“Our Constitution, which was intended to limit government power and abuse, has failed,” declared Rep. Ron Paul.
The good doctor delivered his valedictory speech on the floor of the House Wednesday afternoon. At first, the Republican House leadership — in a final, spiteful attempt to shut him up — could not find room in the schedule.
Then President Obama decided to hold his first press conference in God-knows-when… and the powers-that-be decided it was safe to let Dr. Paul speak at the same time. He’d only be on C-SPAN. The cable news channels wouldn’t “dip into” his speech as a “Developing Story” and expose his message to the masses.
Of course, in the Internet age, the message got out anyway. Right-wingers like Drudge and lefty sites like Raw Story both thought it newsworthy.
“One needn’t agree,” wrote Conor Friedersdorf at The Atlantic, “with the premise of every question [that he posed] to conclude that the United States — and especially its most unjustly treated citizens — would be better off if more legislators were grappling with them.”
After the speech, Dr. Paul repaired to his office… and a meeting with Addison.
Ron Paul is retiring from Congress… but not from the public eye. He will deliver lectures on college campuses. And he’s talking with Addison about how to creatively counter Federal Reserve propaganda.
“Next year marks the centennial anniversary of the Federal Reserve Act,” Addison reminds us. Expect a barrage of messages to the effect that were it not for the brilliance and munificence of the Fed, we’d still be communicating in Morse code, getting from place to place on horseback and transacting business with a gold-backed currency. Perish the thought.
“To this day,” Addison says, “most people don’t know anything about the Fed, how it was created or what it does, if they are aware of its existence at all.” There’s a cottage industry of Fed criticism… but it’s overwhelmed with economic crankery – e.g., films like Zeitgeist.
With that in mind, Addison met with Dr. Paul Wednesday afternoon to kick around a few ideas about how to raise awareness. Joining them were a few other folks in our circle, including Laissez Faire Books’ Jeffrey Tucker – who conducted a brief interview
“I think interest rates will go up,” Dr. Paul told Jeffrey, “but it won’t be because Bernanke decided they’ll go up. They’ll go up because the market has decided we need a little inflation protection… or foreigners won’t buy as much debt.”
The interview also touches on the feds’ growing and ominous “war on cash”. Click on the image below to watch the whole thing…
Who knows what these musings might lead to? But whatever it is, we’ll keep you posted as the Fed centenary infects the public consciousness over the next 12 months.
Dave Gonigam has been managing editor of The 5 Min. Forecast since September 2010. Before joining the research and writing team at Agora Financial in 2007, he worked for 20 years as an Emmy award-winning television news producer.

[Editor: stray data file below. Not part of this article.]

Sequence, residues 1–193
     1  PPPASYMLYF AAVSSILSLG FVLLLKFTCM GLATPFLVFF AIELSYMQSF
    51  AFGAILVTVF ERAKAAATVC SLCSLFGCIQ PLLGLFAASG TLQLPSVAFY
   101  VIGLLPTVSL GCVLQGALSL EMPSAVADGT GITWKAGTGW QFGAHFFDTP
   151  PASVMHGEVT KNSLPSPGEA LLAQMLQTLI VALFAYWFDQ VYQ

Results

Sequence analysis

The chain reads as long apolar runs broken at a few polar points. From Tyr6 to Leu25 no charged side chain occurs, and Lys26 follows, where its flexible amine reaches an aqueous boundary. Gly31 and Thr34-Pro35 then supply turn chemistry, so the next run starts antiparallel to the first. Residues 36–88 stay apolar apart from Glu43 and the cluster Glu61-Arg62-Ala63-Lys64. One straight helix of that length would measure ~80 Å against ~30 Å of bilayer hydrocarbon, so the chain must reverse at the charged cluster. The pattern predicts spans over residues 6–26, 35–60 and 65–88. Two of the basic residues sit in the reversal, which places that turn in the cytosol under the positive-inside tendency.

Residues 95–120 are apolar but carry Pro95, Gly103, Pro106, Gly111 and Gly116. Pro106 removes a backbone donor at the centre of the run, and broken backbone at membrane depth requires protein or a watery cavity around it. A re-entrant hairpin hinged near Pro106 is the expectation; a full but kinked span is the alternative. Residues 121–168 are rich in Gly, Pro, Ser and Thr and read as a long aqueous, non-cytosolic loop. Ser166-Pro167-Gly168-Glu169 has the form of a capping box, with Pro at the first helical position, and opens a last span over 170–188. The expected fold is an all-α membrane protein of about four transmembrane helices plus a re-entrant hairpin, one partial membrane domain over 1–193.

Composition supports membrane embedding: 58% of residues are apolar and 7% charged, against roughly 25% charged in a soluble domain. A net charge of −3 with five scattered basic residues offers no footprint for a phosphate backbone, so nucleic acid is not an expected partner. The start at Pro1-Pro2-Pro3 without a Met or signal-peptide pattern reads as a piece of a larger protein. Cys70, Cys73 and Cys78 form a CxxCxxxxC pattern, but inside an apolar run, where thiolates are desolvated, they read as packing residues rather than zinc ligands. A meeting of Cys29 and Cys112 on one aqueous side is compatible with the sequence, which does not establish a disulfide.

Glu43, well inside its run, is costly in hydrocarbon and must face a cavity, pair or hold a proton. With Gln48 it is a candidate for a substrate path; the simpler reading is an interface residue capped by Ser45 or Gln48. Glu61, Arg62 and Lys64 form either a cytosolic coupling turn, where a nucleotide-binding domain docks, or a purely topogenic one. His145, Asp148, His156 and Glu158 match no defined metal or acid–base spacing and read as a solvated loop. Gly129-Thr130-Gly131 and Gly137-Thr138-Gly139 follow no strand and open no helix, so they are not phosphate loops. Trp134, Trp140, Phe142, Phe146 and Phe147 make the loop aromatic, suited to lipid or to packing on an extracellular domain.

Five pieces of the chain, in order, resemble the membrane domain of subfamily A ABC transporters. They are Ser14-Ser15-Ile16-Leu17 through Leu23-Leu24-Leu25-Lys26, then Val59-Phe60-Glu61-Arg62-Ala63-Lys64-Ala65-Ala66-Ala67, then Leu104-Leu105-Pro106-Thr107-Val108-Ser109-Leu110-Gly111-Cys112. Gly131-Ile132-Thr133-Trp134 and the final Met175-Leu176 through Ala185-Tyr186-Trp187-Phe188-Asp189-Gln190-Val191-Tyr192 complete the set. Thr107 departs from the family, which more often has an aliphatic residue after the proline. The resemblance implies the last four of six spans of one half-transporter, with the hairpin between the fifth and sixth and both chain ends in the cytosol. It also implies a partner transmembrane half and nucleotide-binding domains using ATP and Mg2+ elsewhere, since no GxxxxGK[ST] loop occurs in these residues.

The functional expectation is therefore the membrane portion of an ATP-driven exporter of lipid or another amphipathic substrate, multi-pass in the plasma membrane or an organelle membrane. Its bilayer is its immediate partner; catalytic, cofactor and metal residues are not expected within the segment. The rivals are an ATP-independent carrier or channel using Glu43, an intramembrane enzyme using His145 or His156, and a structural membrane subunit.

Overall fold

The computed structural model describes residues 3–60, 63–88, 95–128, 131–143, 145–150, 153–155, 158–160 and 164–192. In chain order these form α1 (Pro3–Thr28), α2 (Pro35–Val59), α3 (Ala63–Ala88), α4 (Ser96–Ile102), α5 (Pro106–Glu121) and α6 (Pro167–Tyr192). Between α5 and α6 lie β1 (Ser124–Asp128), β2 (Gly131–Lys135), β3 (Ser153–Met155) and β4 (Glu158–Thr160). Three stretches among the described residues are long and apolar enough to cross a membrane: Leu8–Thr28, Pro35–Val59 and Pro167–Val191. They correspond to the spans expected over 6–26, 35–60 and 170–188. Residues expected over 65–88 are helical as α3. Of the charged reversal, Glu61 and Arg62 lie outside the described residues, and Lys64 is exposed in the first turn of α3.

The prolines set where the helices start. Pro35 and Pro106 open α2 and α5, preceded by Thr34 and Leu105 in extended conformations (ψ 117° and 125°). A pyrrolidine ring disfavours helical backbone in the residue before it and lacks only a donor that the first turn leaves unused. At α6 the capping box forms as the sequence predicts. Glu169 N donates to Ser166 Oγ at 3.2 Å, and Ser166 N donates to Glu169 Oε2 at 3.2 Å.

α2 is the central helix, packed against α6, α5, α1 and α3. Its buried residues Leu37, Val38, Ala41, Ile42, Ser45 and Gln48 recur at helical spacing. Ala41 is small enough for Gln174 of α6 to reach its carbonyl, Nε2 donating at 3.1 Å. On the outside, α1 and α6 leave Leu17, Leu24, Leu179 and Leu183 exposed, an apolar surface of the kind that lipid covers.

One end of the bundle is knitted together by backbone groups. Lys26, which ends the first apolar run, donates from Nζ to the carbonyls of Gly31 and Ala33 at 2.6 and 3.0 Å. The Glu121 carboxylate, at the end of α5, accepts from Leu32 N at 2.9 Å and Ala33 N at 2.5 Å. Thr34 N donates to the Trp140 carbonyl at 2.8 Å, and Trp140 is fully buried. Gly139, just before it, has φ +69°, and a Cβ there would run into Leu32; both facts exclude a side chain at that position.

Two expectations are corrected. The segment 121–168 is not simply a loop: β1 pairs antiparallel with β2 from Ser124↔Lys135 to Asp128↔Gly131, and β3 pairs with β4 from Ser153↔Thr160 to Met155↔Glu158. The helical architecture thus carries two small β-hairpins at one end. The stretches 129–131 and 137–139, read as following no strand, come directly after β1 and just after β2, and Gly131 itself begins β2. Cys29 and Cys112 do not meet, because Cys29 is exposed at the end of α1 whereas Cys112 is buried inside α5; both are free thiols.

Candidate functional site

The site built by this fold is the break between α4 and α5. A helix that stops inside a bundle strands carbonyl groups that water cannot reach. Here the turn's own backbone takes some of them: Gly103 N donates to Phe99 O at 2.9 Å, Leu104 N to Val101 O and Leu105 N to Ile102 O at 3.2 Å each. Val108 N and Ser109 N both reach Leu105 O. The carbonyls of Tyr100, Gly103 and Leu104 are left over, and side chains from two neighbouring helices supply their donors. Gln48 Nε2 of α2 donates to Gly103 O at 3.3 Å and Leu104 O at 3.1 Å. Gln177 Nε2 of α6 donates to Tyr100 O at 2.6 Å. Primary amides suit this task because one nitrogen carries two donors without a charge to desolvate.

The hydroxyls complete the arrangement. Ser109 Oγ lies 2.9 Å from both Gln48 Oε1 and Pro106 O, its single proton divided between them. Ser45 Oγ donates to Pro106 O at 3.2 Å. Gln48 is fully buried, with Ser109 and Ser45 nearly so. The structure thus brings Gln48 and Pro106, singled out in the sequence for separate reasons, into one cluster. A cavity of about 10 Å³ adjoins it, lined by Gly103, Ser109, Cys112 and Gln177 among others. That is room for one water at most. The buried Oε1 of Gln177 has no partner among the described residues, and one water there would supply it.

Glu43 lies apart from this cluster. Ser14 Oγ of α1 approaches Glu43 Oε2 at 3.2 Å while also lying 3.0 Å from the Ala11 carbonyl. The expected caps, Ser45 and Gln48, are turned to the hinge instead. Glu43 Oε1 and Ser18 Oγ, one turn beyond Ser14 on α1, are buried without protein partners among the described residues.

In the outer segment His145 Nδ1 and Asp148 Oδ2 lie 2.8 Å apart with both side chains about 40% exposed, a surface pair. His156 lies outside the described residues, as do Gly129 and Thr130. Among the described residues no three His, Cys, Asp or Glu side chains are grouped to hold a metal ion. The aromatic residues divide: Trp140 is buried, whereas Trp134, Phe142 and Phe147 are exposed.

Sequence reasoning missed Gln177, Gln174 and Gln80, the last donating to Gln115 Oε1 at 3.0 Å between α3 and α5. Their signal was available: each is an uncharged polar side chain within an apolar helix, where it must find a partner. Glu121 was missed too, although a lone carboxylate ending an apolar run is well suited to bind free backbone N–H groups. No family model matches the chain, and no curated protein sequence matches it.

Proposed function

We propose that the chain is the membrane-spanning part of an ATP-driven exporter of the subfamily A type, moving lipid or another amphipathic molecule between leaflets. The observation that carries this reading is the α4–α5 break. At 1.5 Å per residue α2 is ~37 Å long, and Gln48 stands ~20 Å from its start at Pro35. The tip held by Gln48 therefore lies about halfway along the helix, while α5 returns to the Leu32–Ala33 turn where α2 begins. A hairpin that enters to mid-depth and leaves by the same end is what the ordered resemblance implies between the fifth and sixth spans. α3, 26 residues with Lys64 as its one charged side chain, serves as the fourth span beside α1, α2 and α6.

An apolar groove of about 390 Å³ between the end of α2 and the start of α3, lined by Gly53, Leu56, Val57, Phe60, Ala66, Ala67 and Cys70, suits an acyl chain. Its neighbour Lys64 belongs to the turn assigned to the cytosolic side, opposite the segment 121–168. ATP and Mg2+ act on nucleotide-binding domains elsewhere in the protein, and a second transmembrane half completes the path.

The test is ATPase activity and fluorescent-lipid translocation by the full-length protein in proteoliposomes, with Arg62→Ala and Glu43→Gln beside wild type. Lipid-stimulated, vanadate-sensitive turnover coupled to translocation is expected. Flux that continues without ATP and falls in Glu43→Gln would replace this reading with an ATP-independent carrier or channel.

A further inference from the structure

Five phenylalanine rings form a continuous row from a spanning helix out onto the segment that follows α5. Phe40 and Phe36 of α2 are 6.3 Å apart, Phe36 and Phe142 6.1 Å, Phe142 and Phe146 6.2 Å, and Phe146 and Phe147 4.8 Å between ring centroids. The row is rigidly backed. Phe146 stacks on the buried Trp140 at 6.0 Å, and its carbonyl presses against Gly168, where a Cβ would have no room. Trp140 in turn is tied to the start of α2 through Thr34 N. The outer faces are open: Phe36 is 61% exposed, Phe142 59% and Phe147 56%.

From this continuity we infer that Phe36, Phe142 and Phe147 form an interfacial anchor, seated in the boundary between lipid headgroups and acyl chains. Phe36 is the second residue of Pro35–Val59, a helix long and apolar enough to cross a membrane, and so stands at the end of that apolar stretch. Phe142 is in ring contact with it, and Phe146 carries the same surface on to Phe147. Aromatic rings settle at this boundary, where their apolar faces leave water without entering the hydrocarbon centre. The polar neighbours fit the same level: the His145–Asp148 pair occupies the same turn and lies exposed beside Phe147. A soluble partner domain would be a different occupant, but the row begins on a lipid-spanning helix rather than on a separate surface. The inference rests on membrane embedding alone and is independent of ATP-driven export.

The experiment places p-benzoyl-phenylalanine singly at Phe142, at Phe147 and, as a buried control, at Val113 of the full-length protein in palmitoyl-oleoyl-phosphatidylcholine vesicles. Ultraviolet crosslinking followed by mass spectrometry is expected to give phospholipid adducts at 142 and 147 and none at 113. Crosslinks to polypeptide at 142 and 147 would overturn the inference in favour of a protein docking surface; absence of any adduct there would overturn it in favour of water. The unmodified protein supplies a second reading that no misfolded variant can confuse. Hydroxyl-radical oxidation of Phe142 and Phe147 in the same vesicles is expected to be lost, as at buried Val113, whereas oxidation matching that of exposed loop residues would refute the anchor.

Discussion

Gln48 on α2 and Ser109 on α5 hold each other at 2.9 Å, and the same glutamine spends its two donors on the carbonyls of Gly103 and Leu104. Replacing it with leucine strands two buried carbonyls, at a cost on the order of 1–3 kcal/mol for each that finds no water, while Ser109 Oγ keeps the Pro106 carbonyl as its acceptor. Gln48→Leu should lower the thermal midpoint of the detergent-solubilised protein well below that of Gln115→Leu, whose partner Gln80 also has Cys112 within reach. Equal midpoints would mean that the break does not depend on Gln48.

"There are two sides to every coin," as the saying goes. And nowhere is that phrase more apt than in matters of money, especially as regards the U.S. Federal Reserve. Today, Mark Spitznagel squares off against none other than Paul Krugman to discuss that very topic. What follows is sublime entertainment. Read on...
As long as markets exist, there will people who try to predict where they are headed. Of course, no one can know for sure. And as Greg Guenthner explains, their prognostications can sometimes do more harm than good. Read on...
A massive storm recently blanketed the U.S. northeast. And as it did, most people ran to their thermostats to keep warm. But staying warm and cozy this winter comes at a price, even with the U.S. nat gas boom in full swing. Today, Matt Insley explains why, when it comes to nat gas prices, seasonality definitely matters. Read on...
Like it or not, size does matter. But contrary to a popular saying, bigger is not always better. Especially when it comes to the size of the state. Marc Faber explains why a world of smaller states might function better than one dominated by excessively large "superpowers." Read on...
Pope Francis recently warned people to beware the "tyranny" of capitalism. Hmmm... Would that be true capitalism and trust in free enterprise? Or the crony capitalism we're currently saddled with? Bill Bonner explains why, even though capitalism is easily corrupted by the capitalists, that doesn't necessarily mean it is a bum creed. Read on...
The average postwar U.S. expansion has lasted 58 months. In the midst of major policy dislocation in Congress and at the Fed, we are at month 52 of the current expansion, which began in June 2009. But we are running out of time – and luck.